But Rowley fears time is running out and wants to “see some action soon”.
“Every week we get closer to Christmas and the first quarter of 2021, the likelihood of these proposals having a dramatic impact in the first half of next year diminishes,” he said.
“These P&A campaigns take weeks, if not months, to work out. It’s a real concern. The jobs being lost are significant and will increase in next few weeks.”
Rowley said he worries about the redundancies and the associated risk of losing a lot of expertise and knowledge from the sector.
This knowhow will be required not only to capitalise on export opportunities, but also to stop technical, commercial and safety-related “mistakes” being repeated.
He lamented that industry as a whole often treats new projects in “isolation” and forgets to apply the lessons from previous jobs.
“Often we’ve been there, done that and got the tee-shirt, but industry just can’t access its own history to make sure we don’t repeat the same mistake,” Rowley said.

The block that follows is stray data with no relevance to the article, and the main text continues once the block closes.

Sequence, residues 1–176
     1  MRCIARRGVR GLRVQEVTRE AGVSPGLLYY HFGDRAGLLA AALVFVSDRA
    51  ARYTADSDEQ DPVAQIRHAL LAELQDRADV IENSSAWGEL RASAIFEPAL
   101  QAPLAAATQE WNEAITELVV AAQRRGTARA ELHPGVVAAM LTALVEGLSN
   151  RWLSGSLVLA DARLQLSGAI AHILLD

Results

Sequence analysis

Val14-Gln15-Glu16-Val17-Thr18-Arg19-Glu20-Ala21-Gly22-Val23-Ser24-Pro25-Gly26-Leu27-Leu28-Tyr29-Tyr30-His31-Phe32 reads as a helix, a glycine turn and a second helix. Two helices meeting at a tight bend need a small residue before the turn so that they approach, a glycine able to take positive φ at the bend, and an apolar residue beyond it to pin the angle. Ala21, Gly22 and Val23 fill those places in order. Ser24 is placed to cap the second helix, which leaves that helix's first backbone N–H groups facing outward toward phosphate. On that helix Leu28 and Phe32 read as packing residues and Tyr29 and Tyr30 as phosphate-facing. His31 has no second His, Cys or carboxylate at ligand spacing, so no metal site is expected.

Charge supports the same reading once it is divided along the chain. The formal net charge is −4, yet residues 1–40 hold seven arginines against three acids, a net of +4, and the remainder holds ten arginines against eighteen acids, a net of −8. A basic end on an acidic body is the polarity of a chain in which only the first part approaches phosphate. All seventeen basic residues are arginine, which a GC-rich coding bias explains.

Rowley said safety was a big focus and that a lot of working was “going on in the background” to improve systems.
He said DNS was involved in project aimed at “capturing lessons in a detailed and pragmatic way” and that fears of losing expertise from the sector was a driver for that.
Clearly, work is needed, as anyone who saw the recent footage of a worker cutting into the Buchan Alpha wreckage with a blowtorch at night will attest.
The engineer had to run to safety when the structure went off-balance.
DNS’s Decom Offshore conference in August, William Lindsay, Shell’s Brent decommissioning project director, warned too many people were “still getting hurt” during onshore dismantling projects.
Rowley is generally encouraged by the UK’s onshore decommissioning capabilities and said facility operators were getting “slicker and smarter”.
He is confident UK yards can compete with overseas rivals and win their fair share of work.
An ultra-deep-water quay would be “nice to have” in the UK, but isn’t as much of a “blocker” as some people think, he said.
Rowley added: “We’ve got a lot of positive things as a sector. We’ve got a lot of great facilities, history, experience and expertise.
“Could we do things better? Yes we could. Could we improve facilities and put ourselves in a better position? Yes.
“There will always be things we could add. That doesn’t mean we’re bad, it just means we could be even better.”